The guys and gals at Hoo Rag hit me up a few weeks back asking me if I’d be interested in reviewing their product. Ordinarily I wouldn’t have paid any mind to their inquiry as I’m not really a buff user, but as I’d literally just finished joking with a buddy about bringing the Mambosok back I figured fuck it, it’s a sign from the blog heavens, let’s do this. Flash forward two weeks and an envelope arrived…
My first impressions upon opening the envelope was “Damn, really?” These things pack up small, really small. Not sure how much space I thought they’d take up, but I assumed at least as much as a bandana, if not more. And that envelope they sent? It had five(!) Hoo Rags in it with a note that they threw in some extras to stoke out a few readers – pretty damn generous for a newer company. Once my drone arrives from Amazon we’ll get that giveaway fired up on the tweeters.
Hoo Rag bills their product as a ‘multifunction bandana’, and suggest 8 differents ways you can wear them. While the pictures make it pretty obvious what it is and what they can do, but I think they’d do themselves a favor by mentioning that their product is also UPF 30, as their competitors aren’t shy about using that point for their own marketing.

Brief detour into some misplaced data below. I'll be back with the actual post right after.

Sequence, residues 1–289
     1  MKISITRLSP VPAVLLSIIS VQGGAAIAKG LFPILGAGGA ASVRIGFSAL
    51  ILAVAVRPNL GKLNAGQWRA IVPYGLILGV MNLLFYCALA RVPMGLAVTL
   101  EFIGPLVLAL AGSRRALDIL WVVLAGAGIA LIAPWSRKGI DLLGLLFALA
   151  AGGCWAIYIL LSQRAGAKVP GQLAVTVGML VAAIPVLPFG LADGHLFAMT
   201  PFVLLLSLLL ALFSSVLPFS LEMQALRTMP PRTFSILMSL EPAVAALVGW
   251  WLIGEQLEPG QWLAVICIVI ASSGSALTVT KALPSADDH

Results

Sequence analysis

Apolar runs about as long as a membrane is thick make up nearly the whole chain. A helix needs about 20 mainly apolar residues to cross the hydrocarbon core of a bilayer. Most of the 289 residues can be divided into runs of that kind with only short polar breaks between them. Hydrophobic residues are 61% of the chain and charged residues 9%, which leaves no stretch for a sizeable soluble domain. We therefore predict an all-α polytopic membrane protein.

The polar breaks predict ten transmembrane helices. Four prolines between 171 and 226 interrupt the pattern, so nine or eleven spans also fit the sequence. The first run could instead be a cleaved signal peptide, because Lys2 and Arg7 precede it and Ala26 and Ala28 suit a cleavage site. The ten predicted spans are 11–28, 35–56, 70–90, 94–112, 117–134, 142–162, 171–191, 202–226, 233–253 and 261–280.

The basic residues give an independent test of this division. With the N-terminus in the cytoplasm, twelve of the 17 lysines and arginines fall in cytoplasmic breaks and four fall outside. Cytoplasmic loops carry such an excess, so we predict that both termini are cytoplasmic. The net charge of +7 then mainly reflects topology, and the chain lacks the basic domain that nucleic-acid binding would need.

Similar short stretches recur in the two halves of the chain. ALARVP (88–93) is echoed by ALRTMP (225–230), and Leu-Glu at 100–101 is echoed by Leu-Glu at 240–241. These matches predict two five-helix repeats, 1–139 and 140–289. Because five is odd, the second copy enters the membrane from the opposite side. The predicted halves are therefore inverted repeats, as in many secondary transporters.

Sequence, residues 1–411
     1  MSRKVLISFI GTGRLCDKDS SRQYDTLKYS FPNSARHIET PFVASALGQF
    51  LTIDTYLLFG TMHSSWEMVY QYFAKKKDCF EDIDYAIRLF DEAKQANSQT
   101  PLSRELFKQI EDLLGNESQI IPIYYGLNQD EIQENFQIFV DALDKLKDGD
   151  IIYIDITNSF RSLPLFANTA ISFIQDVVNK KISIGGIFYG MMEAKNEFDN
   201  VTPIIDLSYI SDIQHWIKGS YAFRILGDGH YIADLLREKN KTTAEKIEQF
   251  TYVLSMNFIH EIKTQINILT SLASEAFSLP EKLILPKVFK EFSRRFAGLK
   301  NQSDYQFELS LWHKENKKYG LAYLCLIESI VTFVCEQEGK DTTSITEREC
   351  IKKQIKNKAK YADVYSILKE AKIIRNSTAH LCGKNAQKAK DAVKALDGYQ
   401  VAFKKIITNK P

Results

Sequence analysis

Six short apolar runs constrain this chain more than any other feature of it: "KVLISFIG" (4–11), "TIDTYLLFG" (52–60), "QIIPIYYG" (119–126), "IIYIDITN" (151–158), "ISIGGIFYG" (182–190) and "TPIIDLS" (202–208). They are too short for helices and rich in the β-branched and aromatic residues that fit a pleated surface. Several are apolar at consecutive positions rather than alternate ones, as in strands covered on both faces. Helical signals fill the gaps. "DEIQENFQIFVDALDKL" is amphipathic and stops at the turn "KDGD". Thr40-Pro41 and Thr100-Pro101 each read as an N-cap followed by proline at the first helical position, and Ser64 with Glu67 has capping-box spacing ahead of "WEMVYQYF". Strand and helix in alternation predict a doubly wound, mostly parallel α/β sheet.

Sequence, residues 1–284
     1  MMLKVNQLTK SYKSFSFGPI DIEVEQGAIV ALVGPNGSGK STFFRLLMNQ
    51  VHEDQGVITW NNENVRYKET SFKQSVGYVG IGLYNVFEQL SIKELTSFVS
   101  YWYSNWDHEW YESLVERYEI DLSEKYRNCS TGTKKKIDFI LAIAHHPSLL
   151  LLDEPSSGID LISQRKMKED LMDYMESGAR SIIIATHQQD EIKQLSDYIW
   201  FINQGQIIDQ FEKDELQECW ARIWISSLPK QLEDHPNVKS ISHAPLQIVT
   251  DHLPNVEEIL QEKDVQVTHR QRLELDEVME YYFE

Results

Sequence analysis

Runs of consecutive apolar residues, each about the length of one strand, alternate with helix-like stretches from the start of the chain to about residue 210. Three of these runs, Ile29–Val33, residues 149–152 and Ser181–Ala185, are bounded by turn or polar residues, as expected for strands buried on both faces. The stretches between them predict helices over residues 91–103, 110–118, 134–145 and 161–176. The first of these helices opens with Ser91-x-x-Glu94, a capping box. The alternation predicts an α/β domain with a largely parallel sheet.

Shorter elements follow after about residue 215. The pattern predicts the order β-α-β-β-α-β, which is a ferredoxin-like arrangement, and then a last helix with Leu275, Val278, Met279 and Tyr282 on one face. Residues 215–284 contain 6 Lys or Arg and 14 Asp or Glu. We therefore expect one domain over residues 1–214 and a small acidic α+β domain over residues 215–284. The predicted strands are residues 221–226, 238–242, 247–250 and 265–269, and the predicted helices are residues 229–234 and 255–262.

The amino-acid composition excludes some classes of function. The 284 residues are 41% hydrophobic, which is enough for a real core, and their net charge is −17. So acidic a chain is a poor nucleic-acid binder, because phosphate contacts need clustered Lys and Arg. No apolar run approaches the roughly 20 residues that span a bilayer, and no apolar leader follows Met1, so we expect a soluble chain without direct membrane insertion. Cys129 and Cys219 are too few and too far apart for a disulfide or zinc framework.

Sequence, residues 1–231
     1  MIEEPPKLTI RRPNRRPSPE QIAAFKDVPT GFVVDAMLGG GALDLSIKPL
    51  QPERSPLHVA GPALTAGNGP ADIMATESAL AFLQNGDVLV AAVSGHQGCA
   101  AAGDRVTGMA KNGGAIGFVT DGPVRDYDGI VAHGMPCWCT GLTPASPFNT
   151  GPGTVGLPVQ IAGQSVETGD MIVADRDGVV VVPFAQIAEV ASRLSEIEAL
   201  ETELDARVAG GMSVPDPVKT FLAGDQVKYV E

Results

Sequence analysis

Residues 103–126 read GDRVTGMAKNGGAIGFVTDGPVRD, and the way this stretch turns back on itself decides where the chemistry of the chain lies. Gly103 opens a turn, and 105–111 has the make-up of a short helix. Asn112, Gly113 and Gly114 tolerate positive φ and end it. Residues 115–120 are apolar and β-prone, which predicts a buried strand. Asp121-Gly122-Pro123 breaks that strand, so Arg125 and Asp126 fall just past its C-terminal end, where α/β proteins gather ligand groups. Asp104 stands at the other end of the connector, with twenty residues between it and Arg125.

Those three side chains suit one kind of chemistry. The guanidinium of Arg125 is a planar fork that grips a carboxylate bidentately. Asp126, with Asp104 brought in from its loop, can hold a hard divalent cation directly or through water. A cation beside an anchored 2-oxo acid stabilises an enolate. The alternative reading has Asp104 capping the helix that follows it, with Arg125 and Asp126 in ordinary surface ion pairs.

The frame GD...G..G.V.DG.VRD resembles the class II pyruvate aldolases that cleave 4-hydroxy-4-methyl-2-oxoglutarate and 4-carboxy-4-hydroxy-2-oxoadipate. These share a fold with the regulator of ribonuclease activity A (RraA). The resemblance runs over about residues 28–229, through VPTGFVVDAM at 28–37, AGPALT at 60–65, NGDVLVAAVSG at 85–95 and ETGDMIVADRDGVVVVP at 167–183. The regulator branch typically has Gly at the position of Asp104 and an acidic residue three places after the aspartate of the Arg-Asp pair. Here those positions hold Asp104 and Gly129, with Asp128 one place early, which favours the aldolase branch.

Overall, there are only so many words you can write about about what is essentially a sonic welded (I think?) fabric tube. Since Shaun White made wearing a buff/neck gaitor cool again you’ve seen a ton of similar products on the hill, and they’ve really taken over in the flats fishing community (and rightly so with that glare). To be honest, it was something way outside of my wheelhouse and I’d never given thought to wearing one. However, after hearing they are UPF30 AND given my intense dislike of wind I’ll be keeping one of these in my camera pocket at all times, and it will definitely be making an appearance on some stealth trout stalking trips this summer. Given the Hoo Rag sells for 30-40% less than comparable UV buffs and they’ve got a ton of options (including reflective for bikers and a variety of camo patterns) I’d say give them a look if you’re in the market.
Oh yeah, and parents beware